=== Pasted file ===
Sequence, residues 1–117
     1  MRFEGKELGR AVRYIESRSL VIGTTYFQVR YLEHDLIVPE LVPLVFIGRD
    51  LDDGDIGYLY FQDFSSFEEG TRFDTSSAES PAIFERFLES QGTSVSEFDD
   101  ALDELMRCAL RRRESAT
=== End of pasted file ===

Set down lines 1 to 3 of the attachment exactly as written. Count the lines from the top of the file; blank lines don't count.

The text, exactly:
Sequence, residues 1–117
     1  MRFEGKELGR AVRYIESRSL VIGTTYFQVR YLEHDLIVPE LVPLVFIGRD
    51  LDDGDIGYLY FQDFSSFEEG TRFDTSSAES PAIFERFLES QGTSVSEFDD